Sometimes Pain is Good

August 23, 2011
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By now I’m sure we are all familiar with Type 2 Diabetes Mellitus (DM). It is a disease that touches almost everyone’s life. Let’s quickly review what DM is. After eating a meal containing carbohydrates, the body breaks down the food and absorbs the available nutrients, which in turn increases the amount of sugar in the blood. In order to use that sugar, the body secretes insulin to move the sugar out of the blood and into our cells. In DM, our cells become insensitive to insulin, so that even if insulin is present, the sugar stays in the blood.

So your blood sugar is higher. So what? It doesn’t cause any pain, so why worry about it? Therein lies the problem! We need pain… Let me explain.

The problems with high blood sugar are numerous, and I hope to eventually address all aspects of this condition in future blog posts. But for now, we will focus the discussion around the notion of losing protective pain sensation. We have millions of nerve endings in our skin and bone that signal pain. With prolonged periods of high blood sugar, those nerves begin to swell and lose their capacity to function properly. As a result, we lose the ability to sense pain in our extremities, especially in the foot and ankle.

Sounds like a nice side effect right? Wouldn’t life be great if all the foot aches and pains we experience suddenly disappeared? You might be tempted to agree, but in truth, pain serves a very important purpose. Pain keeps us from engaging in activities that have potential to injure vital structures in the body. It alerts our brain to immediate needs that need to be addressed. Without it, you are at risk of injuring yourself without even knowing it. Instead of feeling the pain of a minor cut on a toe and applying a band aid, you don’t feel anything and walk around with an open cut ripe for infection. Losing pain sensation is known as Peripheral Neuropathy, and it commonly accompanies DM. Peripheral Neuropathy is often the root cause of many problems faced by diabetics.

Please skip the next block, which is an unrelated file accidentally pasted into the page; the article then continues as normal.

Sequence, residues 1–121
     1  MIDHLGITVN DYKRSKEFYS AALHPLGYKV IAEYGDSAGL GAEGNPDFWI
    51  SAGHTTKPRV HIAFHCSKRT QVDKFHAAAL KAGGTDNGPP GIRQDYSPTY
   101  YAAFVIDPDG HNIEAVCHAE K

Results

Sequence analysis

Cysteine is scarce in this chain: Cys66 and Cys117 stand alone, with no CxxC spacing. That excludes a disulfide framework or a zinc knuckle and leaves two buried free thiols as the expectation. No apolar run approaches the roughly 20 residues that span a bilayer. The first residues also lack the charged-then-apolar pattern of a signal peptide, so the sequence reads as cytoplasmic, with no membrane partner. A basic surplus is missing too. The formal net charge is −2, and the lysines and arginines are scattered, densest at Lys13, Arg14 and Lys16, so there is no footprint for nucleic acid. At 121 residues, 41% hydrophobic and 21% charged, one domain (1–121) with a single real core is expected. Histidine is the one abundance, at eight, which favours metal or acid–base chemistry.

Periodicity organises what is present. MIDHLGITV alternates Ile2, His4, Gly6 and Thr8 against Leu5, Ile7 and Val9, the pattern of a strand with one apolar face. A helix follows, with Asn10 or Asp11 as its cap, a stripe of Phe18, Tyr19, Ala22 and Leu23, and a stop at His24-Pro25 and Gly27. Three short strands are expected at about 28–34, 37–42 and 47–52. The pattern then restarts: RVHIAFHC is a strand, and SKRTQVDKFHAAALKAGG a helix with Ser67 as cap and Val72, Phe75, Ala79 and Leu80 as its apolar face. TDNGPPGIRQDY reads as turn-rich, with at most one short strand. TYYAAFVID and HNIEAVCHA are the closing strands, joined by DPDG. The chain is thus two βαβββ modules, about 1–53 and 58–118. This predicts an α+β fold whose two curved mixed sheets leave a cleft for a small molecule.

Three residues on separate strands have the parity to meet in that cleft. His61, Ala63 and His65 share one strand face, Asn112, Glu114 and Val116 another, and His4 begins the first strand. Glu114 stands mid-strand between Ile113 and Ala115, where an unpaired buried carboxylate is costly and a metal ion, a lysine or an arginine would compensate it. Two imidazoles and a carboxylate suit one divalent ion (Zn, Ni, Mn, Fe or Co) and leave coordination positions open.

Hopefully, it is clear why pain so is important to being healthy and why blood sugar needs to be tightly controlled. But if I haven’t scared you yet, stay tuned for next week’s blog. We’ll discuss a devastating complication of peripheral neuropathy that severely handicaps the foot’s function. And the worst part about it is that you won’t even feel it!

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